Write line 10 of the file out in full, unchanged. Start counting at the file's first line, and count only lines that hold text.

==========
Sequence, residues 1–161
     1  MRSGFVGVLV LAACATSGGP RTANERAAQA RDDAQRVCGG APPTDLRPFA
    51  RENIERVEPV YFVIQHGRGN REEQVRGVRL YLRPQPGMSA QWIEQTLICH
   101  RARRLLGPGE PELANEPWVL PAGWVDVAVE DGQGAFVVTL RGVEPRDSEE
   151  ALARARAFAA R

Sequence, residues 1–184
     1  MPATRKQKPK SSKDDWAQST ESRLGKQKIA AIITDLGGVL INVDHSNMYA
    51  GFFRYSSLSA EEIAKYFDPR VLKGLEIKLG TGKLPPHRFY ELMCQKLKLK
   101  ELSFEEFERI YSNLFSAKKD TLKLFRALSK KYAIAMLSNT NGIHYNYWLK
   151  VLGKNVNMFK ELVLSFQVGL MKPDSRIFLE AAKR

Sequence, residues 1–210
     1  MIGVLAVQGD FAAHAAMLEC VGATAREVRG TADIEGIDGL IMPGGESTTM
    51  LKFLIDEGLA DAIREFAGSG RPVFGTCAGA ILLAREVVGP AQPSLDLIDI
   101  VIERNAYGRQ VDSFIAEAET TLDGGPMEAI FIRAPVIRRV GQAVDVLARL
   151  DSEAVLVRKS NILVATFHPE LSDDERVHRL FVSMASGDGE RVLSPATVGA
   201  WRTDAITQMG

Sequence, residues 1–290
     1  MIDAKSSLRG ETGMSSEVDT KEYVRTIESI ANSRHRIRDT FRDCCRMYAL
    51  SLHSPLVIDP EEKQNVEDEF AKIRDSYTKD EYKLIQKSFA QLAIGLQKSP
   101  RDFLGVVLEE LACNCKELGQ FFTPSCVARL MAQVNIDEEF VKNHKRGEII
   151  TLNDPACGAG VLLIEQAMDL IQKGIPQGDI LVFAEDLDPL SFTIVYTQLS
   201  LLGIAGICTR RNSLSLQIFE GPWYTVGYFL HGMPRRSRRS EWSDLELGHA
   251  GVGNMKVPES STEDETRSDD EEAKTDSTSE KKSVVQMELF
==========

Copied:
   151  VLGKNVNMFK ELVLSFQVGL MKPDSRIFLE AAKR